Your Personality Impacts Performance

Your performance on the job is not only about your skills. It can be influenced by many other factors, including your personality. There have been many great career accomplishments that have been reached, in the absence of strong skills and knowledge. People can attain extraordinary achievements, conquering significant challenges by employing personality strengths. An individual who was able to use his personal traits to overcome skill deficits was Jamie Oliver.

Jamie Oliver is a celebrity chef who has authored over twenty cookbooks. He is one of world’s richest chefs, with a net worth of over $230 million. However, you would be surprised by the fact that even though he has authored many books he only finished reading his first book in 2013. Oliver has Dyslexia, which is a specific learning disability that affects reading. Individuals with dyslexia have trouble reading accurately and fluently. Oliver has stated, “I’ve never read a book in my life, which I know sounds incredibly ignorant but I’m dyslexic and I get bored easily.”

To say that Jamie Oliver has had some very controversial moments would be an understatement. Oliver has a shocking career history of making people extremely angry with his personal views and perspectives, and sometimes downright hypocrisy. These controversies are the result of strong personality characteristics. Being a celebrity chef isn’t just about having cooking skills and knowledge, otherwise any chef could be on TV. It’s beneficial to have a big personality in the media world, so you can light up the television and get attention. This is where Oliver’s personality comes in. Because he is constantly in the spotlight, he needs people to listen and grab their attention. His celebrity survival depends on his personality. There are countless examples of people using their unique personality characteristics to shape their career, Jamie Oliver is just one person out of many. Pursuing a career that best compliments your personality will not only help you achieve the best performance on the job, but will support you in reaching your highest career potential

Personality is the Key to Strong Organizational Culture Fit

There are many people that do not take into consideration or appreciate the fit between themselves and the culture that exists in the organization that they work for. However, on the other hand, many companies today view organizational fit as a critical company aspect, especially when it comes to hiring new employees.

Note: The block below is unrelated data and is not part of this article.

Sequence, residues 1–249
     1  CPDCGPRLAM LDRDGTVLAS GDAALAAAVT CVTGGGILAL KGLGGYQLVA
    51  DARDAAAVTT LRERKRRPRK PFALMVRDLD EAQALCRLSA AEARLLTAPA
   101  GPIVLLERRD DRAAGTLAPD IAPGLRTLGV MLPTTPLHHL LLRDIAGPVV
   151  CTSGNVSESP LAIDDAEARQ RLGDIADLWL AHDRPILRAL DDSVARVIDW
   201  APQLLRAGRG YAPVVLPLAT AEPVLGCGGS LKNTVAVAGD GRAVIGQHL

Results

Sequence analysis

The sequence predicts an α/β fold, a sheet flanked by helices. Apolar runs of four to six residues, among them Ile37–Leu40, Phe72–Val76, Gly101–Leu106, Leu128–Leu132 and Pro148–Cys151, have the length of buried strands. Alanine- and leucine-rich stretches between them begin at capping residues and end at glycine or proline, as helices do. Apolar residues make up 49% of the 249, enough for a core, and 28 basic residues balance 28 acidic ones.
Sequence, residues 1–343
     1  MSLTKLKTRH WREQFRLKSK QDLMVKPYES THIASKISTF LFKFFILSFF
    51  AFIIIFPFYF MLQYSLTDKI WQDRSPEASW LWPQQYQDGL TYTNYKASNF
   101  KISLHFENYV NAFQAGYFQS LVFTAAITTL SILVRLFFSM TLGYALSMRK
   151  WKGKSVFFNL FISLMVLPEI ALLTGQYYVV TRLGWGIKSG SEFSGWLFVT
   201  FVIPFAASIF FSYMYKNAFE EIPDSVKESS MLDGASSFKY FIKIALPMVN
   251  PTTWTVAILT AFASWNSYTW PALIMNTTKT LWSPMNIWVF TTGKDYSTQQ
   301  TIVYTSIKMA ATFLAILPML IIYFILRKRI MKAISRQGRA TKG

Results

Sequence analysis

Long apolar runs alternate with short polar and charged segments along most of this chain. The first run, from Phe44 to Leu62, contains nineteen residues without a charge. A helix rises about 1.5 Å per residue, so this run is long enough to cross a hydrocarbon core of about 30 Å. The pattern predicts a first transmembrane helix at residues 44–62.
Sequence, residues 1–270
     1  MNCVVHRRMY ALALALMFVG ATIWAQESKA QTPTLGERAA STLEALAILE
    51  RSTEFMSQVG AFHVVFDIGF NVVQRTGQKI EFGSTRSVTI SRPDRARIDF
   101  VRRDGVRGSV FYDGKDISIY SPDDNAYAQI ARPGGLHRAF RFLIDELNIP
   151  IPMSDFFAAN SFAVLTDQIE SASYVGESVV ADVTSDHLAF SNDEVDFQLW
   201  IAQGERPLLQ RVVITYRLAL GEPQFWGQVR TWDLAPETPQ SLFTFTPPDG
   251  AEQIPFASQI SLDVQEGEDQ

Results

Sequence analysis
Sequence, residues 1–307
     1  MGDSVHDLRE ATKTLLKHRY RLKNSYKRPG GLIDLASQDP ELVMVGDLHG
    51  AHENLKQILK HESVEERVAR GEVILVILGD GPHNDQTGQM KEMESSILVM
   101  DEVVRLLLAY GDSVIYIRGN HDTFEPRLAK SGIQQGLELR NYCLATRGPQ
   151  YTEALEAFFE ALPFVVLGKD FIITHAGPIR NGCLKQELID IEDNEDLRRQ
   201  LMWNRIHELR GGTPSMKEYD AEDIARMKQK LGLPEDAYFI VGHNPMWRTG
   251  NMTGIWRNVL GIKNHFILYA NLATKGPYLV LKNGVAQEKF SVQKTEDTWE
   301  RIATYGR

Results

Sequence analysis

In a corporate recruiters’ survey conducted by GMAC Research Services, employers were asked to identify the skills and traits they felt were most important to consider when evaluating recent business school graduates to hire. The survey drew responses from 842 employers representing more than 530 companies in 40 countries around the globe. Among the 12 traits that respondents were asked to rank in order of importance, the survey found that a candidate’s ability to fit within an organizational culture was ranked highest overall across all world regions.

Organizational culture is generally understood to include all of a company’s beliefs, values and attitudes. The combination of these factors influences an employee’s behaviour, affecting his/her interaction with others and work performance. The importance of organizational fit should never be underestimated, as it can be a critical driver of your happiness in the workplace. Multiple research studies have drawn a connection to job satisfaction and productivity. It is also intuitively obvious that if a person feels like they are an important part of the greater organization his/her commitment will deepen. This person will feel greater work engagement and be motivated to “go the extra mile.” Your personality is a key aspect to achieving strong organizational fit, being vital in identifying the work environment that is best suited to you. More importantly, this will also allow you to maximize your greatest career potential.

The Real Costs For Post-Secondary Students That Lack Career Clarity

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Many people still think that it’s okay for students to be unsure or lack career clarity when attending post-secondary education. I have heard many parents communicate this advice, and even some academic institutions support it. For instance, on a top Canadian university website there is a statement to students, “No one expects you to have your whole life mapped out when you apply to university. There are so many universities and choices. You may discover new programs after you apply or even once you get to university. It’s okay to change what you’d like to study. Many students do.”